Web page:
11 For 11: Harriet Diamond



Greg Morell

When you walk through the doors of Northampton’s Oxbow Gallery on March 2, be prepared to confront something completely different. It is the official opening of Harriet Diamond’s “Driven from their Homes,” an installation of over 100 ceramic figurines retreating from the horrors of wartime destruction, seeking escape and a flight from oppression in an attempt to survive and emerge into safety. It is an exodus frozen in time.

I first became aware of the work of Harriet Diamond at one of Terry Rooney’s Amherst Biennials. Diamond had created a piece called “The Pit,” a startling work that became affixed in my mind. In my brief capsule of the “The Pit” in the exhibit catalog, I had this to say:

“The centerpiece is a remarkable floor-toceiling phantasmagoria depicting the nightmare of the war machine. Entitled ‘The Pit,’ the highly theatrical parade of tanks, soldiers and artillery descend down a convoluted gyre of horror. It is a marvelous construction of molded clays and textured architectural walls that fall into a Dantean inferno of doom. Powerful and intriguing, this is a chasm of poignant commentary.”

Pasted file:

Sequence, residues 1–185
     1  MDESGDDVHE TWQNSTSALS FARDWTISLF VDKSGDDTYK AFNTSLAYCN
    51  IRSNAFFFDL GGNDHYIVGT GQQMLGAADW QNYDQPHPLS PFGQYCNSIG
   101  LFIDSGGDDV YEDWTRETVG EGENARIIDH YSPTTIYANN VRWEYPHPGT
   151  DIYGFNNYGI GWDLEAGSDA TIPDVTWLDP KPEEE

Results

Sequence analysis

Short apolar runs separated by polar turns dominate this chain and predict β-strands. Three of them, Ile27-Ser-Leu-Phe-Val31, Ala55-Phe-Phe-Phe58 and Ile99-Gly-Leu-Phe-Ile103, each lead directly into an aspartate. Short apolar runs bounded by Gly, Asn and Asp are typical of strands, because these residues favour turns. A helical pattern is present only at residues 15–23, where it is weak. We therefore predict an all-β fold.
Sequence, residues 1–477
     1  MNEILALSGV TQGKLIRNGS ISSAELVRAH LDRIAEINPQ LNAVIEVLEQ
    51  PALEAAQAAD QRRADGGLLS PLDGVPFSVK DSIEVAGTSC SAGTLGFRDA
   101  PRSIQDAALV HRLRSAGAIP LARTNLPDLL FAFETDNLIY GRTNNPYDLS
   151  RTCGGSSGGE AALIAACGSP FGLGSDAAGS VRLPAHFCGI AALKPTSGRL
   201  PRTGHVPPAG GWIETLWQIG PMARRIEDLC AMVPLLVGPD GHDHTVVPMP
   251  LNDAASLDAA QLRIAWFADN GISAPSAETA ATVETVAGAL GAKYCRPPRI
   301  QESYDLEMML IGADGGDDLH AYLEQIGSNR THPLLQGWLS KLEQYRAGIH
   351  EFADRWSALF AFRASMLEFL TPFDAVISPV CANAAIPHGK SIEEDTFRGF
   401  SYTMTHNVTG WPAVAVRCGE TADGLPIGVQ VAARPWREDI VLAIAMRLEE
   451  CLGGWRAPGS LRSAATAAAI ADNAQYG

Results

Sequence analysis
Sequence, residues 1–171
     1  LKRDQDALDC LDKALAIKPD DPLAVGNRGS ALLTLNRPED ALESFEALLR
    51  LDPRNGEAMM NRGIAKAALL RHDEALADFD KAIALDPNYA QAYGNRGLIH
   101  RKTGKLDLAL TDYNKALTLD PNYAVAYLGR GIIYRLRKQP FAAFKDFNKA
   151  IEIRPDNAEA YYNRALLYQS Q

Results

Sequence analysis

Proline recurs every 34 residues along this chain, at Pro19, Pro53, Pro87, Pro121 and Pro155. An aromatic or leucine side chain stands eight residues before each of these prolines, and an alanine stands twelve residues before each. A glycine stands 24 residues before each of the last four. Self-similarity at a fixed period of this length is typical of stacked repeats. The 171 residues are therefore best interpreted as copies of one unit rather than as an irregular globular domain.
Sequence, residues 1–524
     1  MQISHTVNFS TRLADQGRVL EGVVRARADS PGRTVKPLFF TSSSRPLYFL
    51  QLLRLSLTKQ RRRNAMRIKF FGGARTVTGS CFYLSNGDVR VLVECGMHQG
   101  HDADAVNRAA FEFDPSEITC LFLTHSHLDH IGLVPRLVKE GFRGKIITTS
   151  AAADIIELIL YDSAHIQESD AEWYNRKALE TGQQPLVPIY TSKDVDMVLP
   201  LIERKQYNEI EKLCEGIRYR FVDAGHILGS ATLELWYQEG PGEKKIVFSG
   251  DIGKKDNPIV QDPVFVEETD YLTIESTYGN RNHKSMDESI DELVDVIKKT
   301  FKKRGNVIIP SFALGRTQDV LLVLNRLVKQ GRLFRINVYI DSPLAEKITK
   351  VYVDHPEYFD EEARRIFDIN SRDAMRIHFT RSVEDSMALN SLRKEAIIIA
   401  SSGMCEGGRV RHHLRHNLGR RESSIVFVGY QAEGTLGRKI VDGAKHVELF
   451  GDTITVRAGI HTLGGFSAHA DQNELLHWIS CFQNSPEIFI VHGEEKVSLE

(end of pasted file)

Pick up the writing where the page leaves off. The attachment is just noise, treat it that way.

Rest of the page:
What is so disarming about the work of Harriet Diamond is the childlike innocence of the artistic aesthetic contrasted with the horror of man’s inhumanity to man so chillingly depicted in her highly unusual installations.

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